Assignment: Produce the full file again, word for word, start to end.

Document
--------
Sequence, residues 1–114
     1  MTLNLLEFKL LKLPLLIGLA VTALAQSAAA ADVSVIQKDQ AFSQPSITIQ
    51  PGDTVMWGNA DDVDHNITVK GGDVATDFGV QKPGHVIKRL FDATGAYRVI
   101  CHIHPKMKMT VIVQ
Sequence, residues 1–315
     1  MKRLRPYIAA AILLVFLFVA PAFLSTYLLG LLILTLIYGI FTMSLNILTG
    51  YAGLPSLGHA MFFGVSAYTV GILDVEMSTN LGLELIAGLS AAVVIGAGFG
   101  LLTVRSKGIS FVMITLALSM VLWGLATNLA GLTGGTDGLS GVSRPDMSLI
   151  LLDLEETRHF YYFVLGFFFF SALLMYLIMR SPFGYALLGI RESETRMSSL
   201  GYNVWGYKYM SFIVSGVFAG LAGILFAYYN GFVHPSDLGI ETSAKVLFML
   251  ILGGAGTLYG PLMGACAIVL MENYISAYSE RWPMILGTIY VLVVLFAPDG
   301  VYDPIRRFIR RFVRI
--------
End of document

Sequence, residues 1–114
     1  MTLNLLEFKL LKLPLLIGLA VTALAQSAAA ADVSVIQKDQ AFSQPSITIQ
    51  PGDTVMWGNA DDVDHNITVK GGDVATDFGV QKPGHVIKRL FDATGAYRVI
   101  CHIHPKMKMT VIVQ
Sequence, residues 1–315
     1  MKRLRPYIAA AILLVFLFVA PAFLSTYLLG LLILTLIYGI FTMSLNILTG
    51  YAGLPSLGHA MFFGVSAYTV GILDVEMSTN LGLELIAGLS AAVVIGAGFG
   101  LLTVRSKGIS FVMITLALSM VLWGLATNLA GLTGGTDGLS GVSRPDMSLI
   151  LLDLEETRHF YYFVLGFFFF SALLMYLIMR SPFGYALLGI RESETRMSSL
   201  GYNVWGYKYM SFIVSGVFAG LAGILFAYYN GFVHPSDLGI ETSAKVLFML
   251  ILGGAGTLYG PLMGACAIVL MENYISAYSE RWPMILGTIY VLVVLFAPDG
   301  VYDPIRRFIR RFVRI